14-OZ. DAK SALAMI SAUSAGE Reg. 1.58 Tasty. 14- 22-Qf! PRESSURE COOKER oz. Reg. 45.57 APRIL 14TH! PREMIUM ALKYD SEMI-GLOSS STEPPING STONES PREMIUM ALKYD Reg. 4/$1 8"x16"x15/a" stepping stones in three colors, white, buff and red. Reg. 7.57 Applies easily and dries overnight. For use on all types of walls. 1-gal. can, 2" NYLON BRUSH ..1.36 ROLLER SKATES 10x7' STORAGE SHED White with avocado trim. 441/2" door opening. 773/4" height. Gable roof. Save! Jr. Speedsters, all-metal roller skates. FRISBEES 77c Mirror-Matic 22-qt. pressure cooker. Speed pressure cooker and canner. For large quantity cooking, for pressure canning. Cuts cooking time more than one-half. Locks in flavor and food value. Tenderizes naturally. JR. BOYS' DENIM-LOOK COORDINATE SETS Polyester denim-look western jeans and jackets for jr. boys. Machine washable and durable. Save! SOFT PASTE CAR WAX KIT Our Reg. 1.77 Weather and detergent resistant. CHROME POLISH 48< H| PH '* h 'Pped -deify" 1 1"! 3-WAY LOAD GREASE GUN Our Reg. 5.57 Hydraulic coupler, extension. CARTRIDGES 48c Ea. With 6" Extension Pipe 1 - - l RIDGE MIX & BOXED CHOCOLATES Our Reg. 71 c RAISINS BOYS' BASEBALL SHOES Reg. 5.96 Ea, Your choice of 6-oz. chocolate raisins, 51/4-02. crispy clusters, 61/2-02. bridge mix. Cushioned, sure»grip c lea ted sole ,for Stop and go action! Sturdy, nylon upper; 2»7. ALUMINUM BASEBALL iT, 3,98, Sunday. April 13. 1975. THE HERALD, Provo, Utah -Page 23 U.S. Cargo Plane Braves Enemy Fire to Deliver Rice to Cambodia Capital Editor's Note: DPI Correspondent Robert C. Miller made three round trips into Phnom Penh today aboaitl an American plane delivering rice to the Cambodians. His dispatch follows. 475 NORTH STATE STREET, ORENI By ROBERT C. MILLER PHNOM PENH (UPI) - The American cargo jet Klong 932 delivered nearly 300,000 pounds of Texas-Louisiana rice to the besieged populace of Phnom Penh today despite some of the most intense artillery and rocket fire yet aimed at halting the* rice lift from Saigon. In each of her three trips the huge Seaboard World DCS ran the gauntlet of artillery and rocket fire that destroyed a twin- engine DCS of Air Cambodge and killed at least four persons, including the American pilot of the Cambodian plane, the first American to die during the siege of Phnom Penh. Miraculously, Klong 932 — interpreted as "Sewer Number 932" —was unliit, but another ricebird was hit in the nose by an exploding 105mm artillery shell. There were no injuries. Despite the daylong barrage that pockmarked the city's airport from end to end, the rice lift continued with only occasional interruptions. Klong 932 was the first plane off the ground from Saigon today. "We're the guinea pigs today," grumbled flight engineer John Kenney of Pompano Beach, Fla. "We'll have a most interested audience waiting to hear about our reception." Husky Robert Livingston, the 54-year-old pilot of the riceload- ed stretch jet, explained during the early morning flight that at least 18 flights a day were needed to keep the rice tonnage in Phnom Penh at subsistence levels. "That means at least three flights a day if all six planes are flying, or four —and even five of the hour-long round trips —if we have a plane down," explained the veteran pilot from Branchville.N.J. Aboard Klong 932 were 94,000 pounds of bagged rice, palleted and ready for instant unloading. "If all goes well," said copilot Harry J. Sroka of Brick Town, N.J. "We can get offloaded in eight minutes. As you'll find out before sunset, that can be a helluva long eight minutes." The first omen of a bad day at Phnom Penh came even before the wheels of the long, lean jet touched down at Phnom Penh. There was a sudden puff of black smoke clearly visible as Livingston was on his downwind approach 10 miles away. That built up into a funeral pyre just off the run way. As the plane touched down and raced along the oil-stained runway the flames could be seen clearer and the smoke rose in a black, sinister column into the muggy morning sky. The tragedy was of no concern to the Cambodian unloaders who had lost several dead and wounded Thursday when a shell landed a few yards from the spot where Klong 932 jolted to a halt to be unloaded. They emerged from bunkers and sandbagged foxholes like moles, clambered aboard the fork lifts and unloaders and headed for the DCS. They were as motley a crew of rubber-sandaled, gut-couraged stevedores as has ever unloaded a plane. Some wore bandanas, a few had helmets, nearly all were flakjacketed. "Even with modern loaders and the best of equipment it would take more than an hour to get this 47 tons unloaded at New York," said the sweating Livingston who must remain strapped in the pilot's seat during those tortuous minutes on the ground. "They can do it in eight minutes, if all goes well." All didn't go well, and it was 16 minutes before the last Cambodian had jumped back onto the loaded trucks and the DCS was ready to taxi back onto the runway. Livingston used only half the runway for the empty plane, and without incident the jet returned to Saigon for another load. Her second venture into Phnom Penh was preceded by a warning from a Flying Tiger jet which had just unloaded and passed us as Klong 932 made her steep descent to the runway. "Keep your eyes peeled," warned the Tiger pilot, "Those folks certainly aren't very frietodjy down there today. I guess they don't like us." As the DC8 dived at the runway through the cotton ball clouds and mid-morning heat haze, three artillery rounds landed just to the right of a DC3 taking off. Klong's turn came as Livingston headed for the offloading tarmac. A shell landed in the dry dirt and set up a brown, yellow cloud of smoke. "There'll be a second one," forecast Sroka, "they always come in pairs." He was too right. This one was within 300 yards of that big, big lumbering jet as it seemed to crawl toward the dust pall from the second explosion. The third one landed a scant 30 yards off the port nose, but miraculously the DCS emerged unscathed. The loaders had disappeared, but the "Maggie's Drawers" flag, hung over the sandbagged command post to warn of incoming shells, was still at the "All Clear" position. The loneliest man on the field was Richard Burke of Arlington, Mass.,who had to stand alone on the tarmac to position the jet. Again the scramblers emerged from the bunkers, the trucks moved up and the brutally physical job of manhandling the 5,000 pound pallets becan. "The plane that came in ahead of you took one just off to the side," Burke said. "We spent 15 minutes looking for holes as they were sure they had some, but we couldn't find any." As the loaders finished, a stream of refugees rushed out to the plane carrying bits and pieces of baggage and scrambled aboard. As a final gesture, the Khmer Rouge plopped another 105mm barrage into the airport as the DCS hurtled down the runway and clawed her way to the safety of 35,000 feet. Our third run was made in the scorching heat of midafter- noon with huge thunderheads forming on the horizon. Again there was a warning from Phnon Penh as the DCS made her approach. This time the command post reported a rocket barrage and left everyone hanging with the announcement that "there was an unknown amount of damage." This time the loaders are out and about, a welcome sign. "Just keep your fingers crossed that they're all taking a siesta on this hot afternoon," urged Kenney. This trip, Livngston uses only half of the runway and darts in without having to make the long run back. "This may fool them," he said. It apparently does, as the shell lands at the extreme end of the runway where the jet would have taxied had Livingston not ducked in at the closer ramp. That was the aloha burst of the day for Klong 932. The unloading went off perfectly, no other rounds came in and the DCS took off without incident. Klong 932 had delivered in one day enough rice to keep Phnom Penh going for a few more hours. Top Twenty Records in Pop Field HOLLYWOOD (UPI) - The top 20 single records in the pop filed, based on Billboard's survey of sales and broadcast play: 1. Philadelphia Freedom — Elton John Band 2. Hey Won't You Play Another Somebody Done Somebody Wrong Song — B. J. Thomas. 3. Lovin' You — Minnie Riperton 4. No No Song-Snookeroo — Ringo Starr 5. He Don't Love You Like I Love You — Tony Orlando & Dawn 6. Supernatural Thing Part 1 — Ben E. King 7. Chevy Van — Sammy Johns 8. What Am I Gonna Do With You-Barry White 9. Emma — Hot Chocolate 10. Before the Next Teardrop Falls —Freddy Fender 11. Lady Marmalade — LaBelle 12. Walking In Rhythm - Blackbyrds. 13. L-O-V-E Love- Al Green 14. Shining Star - Earth, Wind &Fire 15. Long Tall Glasses I Can Dance—Leo Sayer 16. Jackie Blue — Ozark Mountain Daredevils 17.1 Don't Like To Sleep Alone —PaulAnka 18. Once You Get Started — Rufus 19. Express—B.T. Express 20. The Berta Butt Boogie Pt. 1 —Jimmie Castor Bunch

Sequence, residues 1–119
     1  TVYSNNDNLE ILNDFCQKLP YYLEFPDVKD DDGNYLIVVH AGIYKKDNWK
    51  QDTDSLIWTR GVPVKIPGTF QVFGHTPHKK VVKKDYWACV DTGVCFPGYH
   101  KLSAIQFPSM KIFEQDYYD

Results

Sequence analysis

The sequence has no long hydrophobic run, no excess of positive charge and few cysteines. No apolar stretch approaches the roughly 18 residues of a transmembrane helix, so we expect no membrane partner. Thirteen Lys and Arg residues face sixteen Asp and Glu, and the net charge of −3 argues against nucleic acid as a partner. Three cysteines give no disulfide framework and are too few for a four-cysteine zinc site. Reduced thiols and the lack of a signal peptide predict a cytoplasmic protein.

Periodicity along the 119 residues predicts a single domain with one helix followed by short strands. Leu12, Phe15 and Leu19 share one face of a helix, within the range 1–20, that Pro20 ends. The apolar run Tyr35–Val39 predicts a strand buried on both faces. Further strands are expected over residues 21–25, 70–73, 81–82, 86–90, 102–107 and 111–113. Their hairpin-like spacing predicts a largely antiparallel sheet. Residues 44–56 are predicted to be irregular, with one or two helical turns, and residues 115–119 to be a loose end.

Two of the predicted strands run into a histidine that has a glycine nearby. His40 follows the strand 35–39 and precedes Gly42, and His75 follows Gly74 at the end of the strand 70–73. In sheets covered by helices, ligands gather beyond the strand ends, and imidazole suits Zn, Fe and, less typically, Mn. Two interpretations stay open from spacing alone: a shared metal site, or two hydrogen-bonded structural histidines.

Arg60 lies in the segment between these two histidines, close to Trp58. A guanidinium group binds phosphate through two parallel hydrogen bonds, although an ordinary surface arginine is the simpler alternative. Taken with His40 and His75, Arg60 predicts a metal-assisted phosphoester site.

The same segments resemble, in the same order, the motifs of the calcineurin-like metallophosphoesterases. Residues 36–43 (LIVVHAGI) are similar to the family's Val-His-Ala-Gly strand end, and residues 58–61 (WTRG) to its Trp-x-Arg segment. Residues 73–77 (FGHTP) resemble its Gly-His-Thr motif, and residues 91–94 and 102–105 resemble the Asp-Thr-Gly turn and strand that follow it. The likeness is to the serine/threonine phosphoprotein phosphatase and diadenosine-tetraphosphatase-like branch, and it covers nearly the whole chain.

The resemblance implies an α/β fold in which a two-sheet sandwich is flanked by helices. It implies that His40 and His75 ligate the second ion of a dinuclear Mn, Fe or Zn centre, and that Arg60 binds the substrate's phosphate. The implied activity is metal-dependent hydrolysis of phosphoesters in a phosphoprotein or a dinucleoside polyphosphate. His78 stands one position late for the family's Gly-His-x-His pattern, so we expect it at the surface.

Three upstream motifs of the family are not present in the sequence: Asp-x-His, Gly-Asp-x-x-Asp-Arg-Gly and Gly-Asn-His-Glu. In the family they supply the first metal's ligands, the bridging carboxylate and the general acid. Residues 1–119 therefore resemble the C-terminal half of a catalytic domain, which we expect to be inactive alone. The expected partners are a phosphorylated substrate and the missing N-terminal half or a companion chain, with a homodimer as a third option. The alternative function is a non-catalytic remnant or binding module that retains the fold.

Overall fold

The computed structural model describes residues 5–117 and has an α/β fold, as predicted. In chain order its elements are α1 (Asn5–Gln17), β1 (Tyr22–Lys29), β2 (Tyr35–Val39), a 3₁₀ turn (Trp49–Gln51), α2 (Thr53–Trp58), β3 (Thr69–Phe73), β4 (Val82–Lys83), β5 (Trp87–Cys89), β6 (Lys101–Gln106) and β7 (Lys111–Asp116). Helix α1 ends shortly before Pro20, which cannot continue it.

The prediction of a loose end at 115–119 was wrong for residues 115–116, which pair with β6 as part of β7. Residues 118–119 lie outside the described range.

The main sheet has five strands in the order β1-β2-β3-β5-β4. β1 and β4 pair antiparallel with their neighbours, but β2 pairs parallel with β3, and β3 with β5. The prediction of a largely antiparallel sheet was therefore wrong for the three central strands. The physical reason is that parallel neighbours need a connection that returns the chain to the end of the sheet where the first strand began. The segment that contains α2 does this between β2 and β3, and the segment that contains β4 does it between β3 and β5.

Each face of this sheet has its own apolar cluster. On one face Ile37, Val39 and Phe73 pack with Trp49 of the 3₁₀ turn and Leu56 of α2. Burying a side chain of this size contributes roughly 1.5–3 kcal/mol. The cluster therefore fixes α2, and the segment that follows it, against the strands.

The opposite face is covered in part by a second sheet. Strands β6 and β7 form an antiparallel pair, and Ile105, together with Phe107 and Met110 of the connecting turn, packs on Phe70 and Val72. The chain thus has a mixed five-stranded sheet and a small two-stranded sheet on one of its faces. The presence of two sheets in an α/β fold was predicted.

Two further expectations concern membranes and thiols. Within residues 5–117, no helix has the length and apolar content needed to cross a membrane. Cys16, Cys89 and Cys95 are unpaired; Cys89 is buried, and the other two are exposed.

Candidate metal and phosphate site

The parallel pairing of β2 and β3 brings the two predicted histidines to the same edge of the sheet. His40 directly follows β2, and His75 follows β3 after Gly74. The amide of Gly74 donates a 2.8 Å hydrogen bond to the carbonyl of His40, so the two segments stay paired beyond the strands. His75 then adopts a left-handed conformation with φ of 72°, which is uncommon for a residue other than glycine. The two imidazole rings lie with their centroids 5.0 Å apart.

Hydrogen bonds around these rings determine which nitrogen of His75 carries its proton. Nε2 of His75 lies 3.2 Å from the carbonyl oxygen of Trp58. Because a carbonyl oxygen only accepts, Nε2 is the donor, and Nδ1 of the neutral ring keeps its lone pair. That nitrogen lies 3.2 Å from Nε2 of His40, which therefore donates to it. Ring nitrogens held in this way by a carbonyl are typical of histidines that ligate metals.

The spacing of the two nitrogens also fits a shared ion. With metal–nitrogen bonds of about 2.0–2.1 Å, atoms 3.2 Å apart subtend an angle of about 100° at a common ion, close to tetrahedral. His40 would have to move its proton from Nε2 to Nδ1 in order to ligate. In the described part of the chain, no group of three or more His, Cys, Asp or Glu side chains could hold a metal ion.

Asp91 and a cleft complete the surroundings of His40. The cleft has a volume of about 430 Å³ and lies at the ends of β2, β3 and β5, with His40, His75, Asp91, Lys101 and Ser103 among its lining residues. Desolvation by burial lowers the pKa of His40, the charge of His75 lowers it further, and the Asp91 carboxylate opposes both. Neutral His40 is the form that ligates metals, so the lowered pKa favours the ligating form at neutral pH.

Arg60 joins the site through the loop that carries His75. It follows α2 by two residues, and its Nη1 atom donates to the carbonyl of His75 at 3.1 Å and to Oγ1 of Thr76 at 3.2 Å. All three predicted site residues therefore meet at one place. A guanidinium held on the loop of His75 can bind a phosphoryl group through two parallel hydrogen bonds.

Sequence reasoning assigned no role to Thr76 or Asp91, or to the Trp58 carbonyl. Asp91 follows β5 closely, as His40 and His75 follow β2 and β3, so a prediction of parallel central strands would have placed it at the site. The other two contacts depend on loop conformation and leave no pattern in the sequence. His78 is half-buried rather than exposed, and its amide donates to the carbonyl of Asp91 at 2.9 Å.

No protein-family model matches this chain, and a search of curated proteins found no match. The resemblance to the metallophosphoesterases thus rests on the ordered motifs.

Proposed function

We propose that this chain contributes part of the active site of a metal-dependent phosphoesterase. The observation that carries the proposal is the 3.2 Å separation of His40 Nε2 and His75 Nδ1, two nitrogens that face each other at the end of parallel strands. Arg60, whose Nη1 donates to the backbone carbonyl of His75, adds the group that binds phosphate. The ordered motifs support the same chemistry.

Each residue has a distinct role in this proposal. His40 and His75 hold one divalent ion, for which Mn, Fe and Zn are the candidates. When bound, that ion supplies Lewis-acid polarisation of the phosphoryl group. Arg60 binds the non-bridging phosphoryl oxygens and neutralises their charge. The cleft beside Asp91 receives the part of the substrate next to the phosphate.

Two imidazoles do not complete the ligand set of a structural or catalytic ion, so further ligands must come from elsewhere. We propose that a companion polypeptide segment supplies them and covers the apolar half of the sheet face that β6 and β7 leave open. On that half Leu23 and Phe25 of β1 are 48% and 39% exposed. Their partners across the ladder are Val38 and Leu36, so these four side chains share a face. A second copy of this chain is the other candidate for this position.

Get full access with a Free Trial

Start Free Trial

What members have found on this page